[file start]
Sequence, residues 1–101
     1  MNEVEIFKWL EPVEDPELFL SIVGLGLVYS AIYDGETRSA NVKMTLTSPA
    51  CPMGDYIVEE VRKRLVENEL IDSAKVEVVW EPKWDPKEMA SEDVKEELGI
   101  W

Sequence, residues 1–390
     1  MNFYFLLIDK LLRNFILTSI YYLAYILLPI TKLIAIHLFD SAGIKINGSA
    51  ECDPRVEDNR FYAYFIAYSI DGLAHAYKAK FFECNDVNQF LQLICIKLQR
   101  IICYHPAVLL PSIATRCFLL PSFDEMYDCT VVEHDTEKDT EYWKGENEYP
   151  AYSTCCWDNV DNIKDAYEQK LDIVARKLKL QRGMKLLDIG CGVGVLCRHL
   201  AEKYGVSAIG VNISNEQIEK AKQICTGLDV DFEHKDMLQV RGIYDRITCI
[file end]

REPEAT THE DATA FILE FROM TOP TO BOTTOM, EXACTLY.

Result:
Sequence, residues 1–101
     1  MNEVEIFKWL EPVEDPELFL SIVGLGLVYS AIYDGETRSA NVKMTLTSPA
    51  CPMGDYIVEE VRKRLVENEL IDSAKVEVVW EPKWDPKEMA SEDVKEELGI
   101  W

Sequence, residues 1–390
     1  MNFYFLLIDK LLRNFILTSI YYLAYILLPI TKLIAIHLFD SAGIKINGSA
    51  ECDPRVEDNR FYAYFIAYSI DGLAHAYKAK FFECNDVNQF LQLICIKLQR
   101  IICYHPAVLL PSIATRCFLL PSFDEMYDCT VVEHDTEKDT EYWKGENEYP
   151  AYSTCCWDNV DNIKDAYEQK LDIVARKLKL QRGMKLLDIG CGVGVLCRHL
   201  AEKYGVSAIG VNISNEQIEK AKQICTGLDV DFEHKDMLQV RGIYDRITCI